I’m glad for the good times and the homemaking skills, the little songs she sang us, the silliness and the ethics. Her years of patience.
Anita Yoder writes: “It goes both ways, but if you know a single in your church, think about how you could let her feel like she matters and belongs.”
Martha Hess, from southern Illinois, shares practical ways to offer support and care if you find yourself living in community with a widow.
Don’t give up too quickly: on your children, on yourself, or on those “other moms” who don’t get it, or don’t talk about it.
What is wrong with me if she doesn’t like me? What does she say behind my back? Why am I always the instigator?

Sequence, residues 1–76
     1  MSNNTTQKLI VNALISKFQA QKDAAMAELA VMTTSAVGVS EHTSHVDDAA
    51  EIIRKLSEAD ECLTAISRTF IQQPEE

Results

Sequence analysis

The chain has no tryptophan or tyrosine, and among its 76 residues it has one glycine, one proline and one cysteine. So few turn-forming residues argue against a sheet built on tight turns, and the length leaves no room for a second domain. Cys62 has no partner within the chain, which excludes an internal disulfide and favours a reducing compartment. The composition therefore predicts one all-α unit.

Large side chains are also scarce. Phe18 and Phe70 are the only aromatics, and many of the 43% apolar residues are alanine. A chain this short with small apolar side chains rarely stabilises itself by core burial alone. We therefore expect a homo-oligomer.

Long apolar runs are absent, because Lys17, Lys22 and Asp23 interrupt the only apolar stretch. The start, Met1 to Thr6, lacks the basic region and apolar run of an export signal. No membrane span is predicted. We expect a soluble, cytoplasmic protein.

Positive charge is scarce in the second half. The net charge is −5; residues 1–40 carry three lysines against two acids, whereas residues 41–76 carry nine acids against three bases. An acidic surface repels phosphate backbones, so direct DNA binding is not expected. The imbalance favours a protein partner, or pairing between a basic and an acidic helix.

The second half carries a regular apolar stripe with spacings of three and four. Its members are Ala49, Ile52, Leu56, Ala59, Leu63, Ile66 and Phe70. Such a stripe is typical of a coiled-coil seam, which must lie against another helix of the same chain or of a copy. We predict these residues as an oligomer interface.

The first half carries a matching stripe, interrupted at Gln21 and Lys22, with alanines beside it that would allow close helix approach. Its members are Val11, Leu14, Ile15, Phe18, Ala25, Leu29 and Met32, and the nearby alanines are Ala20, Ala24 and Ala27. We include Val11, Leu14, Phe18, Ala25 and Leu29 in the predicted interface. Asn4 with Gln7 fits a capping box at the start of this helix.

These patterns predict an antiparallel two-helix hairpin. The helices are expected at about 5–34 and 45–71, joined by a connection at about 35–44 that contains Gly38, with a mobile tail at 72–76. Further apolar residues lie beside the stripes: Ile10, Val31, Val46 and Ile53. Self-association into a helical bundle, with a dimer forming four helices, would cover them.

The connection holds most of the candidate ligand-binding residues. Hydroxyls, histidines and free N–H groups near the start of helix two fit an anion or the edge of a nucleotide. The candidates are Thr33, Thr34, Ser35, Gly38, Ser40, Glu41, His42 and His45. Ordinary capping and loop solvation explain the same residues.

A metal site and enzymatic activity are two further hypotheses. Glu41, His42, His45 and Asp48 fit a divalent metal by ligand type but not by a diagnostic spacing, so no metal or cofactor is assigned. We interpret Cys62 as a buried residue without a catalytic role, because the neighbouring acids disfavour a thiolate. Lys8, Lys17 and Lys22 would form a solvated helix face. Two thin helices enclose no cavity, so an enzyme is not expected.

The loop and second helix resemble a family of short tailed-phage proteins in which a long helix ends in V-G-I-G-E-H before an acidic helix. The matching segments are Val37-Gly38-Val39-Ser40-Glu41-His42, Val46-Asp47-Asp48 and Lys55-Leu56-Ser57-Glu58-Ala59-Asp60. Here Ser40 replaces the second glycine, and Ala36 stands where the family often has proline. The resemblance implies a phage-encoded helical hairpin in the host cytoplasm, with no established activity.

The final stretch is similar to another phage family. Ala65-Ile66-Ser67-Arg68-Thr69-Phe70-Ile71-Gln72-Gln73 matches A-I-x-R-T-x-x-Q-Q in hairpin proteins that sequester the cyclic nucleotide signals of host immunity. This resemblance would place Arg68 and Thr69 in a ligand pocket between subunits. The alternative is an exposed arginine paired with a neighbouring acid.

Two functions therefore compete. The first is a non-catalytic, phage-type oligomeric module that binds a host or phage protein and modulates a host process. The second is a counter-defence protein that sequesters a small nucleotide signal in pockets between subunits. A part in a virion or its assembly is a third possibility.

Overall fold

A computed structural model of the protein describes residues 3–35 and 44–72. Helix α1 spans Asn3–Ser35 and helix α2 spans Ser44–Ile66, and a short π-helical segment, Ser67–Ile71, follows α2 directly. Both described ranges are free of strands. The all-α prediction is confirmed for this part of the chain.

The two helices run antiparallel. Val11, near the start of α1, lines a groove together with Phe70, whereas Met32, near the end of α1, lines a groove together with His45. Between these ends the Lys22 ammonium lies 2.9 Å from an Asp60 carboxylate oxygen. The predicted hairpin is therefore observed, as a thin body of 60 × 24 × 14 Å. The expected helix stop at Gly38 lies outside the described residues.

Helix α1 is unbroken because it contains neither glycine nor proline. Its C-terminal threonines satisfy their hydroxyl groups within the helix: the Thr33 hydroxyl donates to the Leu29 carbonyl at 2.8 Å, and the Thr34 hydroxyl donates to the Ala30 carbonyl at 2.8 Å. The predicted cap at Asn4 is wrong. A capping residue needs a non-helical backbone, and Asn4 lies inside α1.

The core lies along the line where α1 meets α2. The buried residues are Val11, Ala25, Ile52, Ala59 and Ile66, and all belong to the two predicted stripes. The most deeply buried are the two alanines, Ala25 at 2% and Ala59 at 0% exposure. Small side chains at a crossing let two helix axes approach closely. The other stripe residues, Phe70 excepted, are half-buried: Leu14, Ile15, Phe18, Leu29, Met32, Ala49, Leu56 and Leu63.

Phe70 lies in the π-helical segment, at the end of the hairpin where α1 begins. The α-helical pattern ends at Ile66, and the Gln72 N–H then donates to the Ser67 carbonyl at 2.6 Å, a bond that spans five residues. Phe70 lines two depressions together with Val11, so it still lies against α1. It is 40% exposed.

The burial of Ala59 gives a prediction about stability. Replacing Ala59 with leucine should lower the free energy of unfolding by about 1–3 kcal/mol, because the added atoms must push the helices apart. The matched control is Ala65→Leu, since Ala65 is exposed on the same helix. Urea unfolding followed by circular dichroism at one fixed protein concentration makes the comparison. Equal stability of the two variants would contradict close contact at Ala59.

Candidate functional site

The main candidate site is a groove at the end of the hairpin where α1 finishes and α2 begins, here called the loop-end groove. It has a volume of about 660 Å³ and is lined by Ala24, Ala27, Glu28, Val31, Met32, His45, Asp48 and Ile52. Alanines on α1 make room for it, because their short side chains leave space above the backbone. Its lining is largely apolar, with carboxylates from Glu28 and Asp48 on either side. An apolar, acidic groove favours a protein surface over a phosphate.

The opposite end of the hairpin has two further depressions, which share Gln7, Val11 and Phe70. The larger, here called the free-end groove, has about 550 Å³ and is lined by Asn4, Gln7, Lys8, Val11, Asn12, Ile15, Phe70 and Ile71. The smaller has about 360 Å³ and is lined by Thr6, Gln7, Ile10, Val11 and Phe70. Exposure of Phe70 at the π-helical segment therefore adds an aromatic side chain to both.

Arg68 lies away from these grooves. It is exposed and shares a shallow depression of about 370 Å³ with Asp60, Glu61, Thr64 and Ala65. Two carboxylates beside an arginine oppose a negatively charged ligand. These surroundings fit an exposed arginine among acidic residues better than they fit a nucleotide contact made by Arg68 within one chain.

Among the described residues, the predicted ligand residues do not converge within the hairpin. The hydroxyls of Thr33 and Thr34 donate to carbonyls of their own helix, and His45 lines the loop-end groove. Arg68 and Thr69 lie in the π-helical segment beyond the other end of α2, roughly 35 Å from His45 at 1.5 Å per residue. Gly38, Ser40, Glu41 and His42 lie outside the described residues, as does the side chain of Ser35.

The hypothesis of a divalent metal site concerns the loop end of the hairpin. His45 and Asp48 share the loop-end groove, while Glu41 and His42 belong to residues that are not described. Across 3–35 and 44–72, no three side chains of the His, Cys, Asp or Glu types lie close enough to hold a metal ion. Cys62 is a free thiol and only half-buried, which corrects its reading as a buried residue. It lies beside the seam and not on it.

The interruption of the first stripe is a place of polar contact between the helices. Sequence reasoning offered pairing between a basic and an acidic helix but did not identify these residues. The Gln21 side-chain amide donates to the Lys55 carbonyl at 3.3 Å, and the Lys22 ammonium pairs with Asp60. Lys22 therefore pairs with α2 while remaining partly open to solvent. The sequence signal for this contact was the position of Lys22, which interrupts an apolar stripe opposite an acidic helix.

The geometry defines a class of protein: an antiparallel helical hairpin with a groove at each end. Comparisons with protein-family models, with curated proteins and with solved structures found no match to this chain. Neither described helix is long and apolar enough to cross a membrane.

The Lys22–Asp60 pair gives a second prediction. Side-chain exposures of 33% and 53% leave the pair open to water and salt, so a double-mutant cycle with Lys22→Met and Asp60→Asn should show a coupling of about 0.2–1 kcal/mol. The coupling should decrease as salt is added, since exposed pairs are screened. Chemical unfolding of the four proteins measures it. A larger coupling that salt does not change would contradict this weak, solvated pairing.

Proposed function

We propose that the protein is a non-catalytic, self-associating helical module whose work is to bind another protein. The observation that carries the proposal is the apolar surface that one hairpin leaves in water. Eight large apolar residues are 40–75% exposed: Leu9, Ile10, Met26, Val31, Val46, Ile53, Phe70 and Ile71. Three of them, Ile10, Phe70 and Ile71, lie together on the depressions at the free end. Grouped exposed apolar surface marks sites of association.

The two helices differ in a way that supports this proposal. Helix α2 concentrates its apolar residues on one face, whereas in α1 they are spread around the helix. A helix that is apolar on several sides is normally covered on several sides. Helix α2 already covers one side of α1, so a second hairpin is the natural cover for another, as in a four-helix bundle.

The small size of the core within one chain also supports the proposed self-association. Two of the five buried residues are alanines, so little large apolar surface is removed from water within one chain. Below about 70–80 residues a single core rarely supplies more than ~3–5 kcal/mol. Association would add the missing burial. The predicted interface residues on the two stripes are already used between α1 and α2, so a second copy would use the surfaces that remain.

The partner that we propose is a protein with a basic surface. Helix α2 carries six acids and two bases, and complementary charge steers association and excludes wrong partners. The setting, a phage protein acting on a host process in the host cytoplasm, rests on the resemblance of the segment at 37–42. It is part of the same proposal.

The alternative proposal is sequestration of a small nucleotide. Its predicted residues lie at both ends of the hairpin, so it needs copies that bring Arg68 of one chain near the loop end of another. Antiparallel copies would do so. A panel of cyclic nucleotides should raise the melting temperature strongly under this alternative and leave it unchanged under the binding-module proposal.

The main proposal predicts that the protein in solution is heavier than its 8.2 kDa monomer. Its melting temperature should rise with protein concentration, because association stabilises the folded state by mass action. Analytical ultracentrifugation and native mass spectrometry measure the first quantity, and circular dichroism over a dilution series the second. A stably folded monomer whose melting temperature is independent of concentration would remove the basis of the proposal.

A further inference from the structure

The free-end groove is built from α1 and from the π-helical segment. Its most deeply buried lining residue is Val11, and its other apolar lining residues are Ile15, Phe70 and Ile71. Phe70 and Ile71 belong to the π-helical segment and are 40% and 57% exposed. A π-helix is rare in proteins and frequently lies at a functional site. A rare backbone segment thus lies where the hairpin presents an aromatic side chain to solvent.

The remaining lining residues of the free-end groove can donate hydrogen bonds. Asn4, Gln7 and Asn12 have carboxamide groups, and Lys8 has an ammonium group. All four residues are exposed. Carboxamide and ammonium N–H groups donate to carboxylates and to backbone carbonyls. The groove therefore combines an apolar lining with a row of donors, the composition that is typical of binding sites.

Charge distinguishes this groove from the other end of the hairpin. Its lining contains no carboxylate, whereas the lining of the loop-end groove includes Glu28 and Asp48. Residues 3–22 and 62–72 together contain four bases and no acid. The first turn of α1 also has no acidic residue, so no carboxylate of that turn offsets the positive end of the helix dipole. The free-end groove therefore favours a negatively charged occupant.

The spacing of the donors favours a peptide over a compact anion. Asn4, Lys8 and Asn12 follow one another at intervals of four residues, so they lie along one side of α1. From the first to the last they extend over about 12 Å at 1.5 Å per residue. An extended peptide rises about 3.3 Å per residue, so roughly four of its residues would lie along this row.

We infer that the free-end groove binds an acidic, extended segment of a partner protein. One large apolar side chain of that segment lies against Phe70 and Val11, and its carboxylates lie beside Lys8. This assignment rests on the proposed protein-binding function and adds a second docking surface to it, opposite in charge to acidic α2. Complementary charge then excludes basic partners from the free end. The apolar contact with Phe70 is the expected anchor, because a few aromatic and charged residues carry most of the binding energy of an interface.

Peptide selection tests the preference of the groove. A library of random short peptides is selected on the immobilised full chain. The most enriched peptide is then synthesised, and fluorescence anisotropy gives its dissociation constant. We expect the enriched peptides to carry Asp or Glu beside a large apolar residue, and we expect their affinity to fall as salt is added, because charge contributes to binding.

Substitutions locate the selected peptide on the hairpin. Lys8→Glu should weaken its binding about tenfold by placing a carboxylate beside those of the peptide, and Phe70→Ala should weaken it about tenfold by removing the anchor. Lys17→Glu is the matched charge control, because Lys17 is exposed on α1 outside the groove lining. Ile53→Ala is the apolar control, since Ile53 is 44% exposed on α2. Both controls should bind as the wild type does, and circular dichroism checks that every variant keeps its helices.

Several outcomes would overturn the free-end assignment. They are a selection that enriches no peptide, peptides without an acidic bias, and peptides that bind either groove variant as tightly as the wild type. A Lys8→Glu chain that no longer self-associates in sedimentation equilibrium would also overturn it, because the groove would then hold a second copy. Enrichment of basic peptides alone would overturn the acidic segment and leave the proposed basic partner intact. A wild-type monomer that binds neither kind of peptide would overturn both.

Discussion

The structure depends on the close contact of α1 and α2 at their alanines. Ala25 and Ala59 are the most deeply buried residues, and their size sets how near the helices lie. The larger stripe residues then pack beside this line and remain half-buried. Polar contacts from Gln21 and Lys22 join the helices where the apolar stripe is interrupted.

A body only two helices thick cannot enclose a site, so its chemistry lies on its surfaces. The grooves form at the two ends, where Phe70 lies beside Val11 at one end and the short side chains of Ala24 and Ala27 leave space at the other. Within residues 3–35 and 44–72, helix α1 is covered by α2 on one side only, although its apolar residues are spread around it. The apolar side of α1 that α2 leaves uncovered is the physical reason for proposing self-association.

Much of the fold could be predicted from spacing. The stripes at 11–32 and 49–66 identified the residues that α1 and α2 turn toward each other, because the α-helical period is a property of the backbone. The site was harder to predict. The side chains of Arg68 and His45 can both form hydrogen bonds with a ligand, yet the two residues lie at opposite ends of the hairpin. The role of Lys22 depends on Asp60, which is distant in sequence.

Is it possible to hold too high a standard in forming friendships? How do you know if you are?
Life is about walking together toward Good. But if it had been up to me to go out and find a mentor, I might still be looking.
Unexpected losses, grief, or ongoing pain can set a family reeling. How can extended family and friends offer practical support during times of distress?
I’d like to share a few of the things that are helping me walk with Jesus toward healing. Any beauty or goodness in this story is entirely because of Him.
We-the-people are the ones who connect to them, or not. What would it look like if every child in your church had a personal connection to every adult?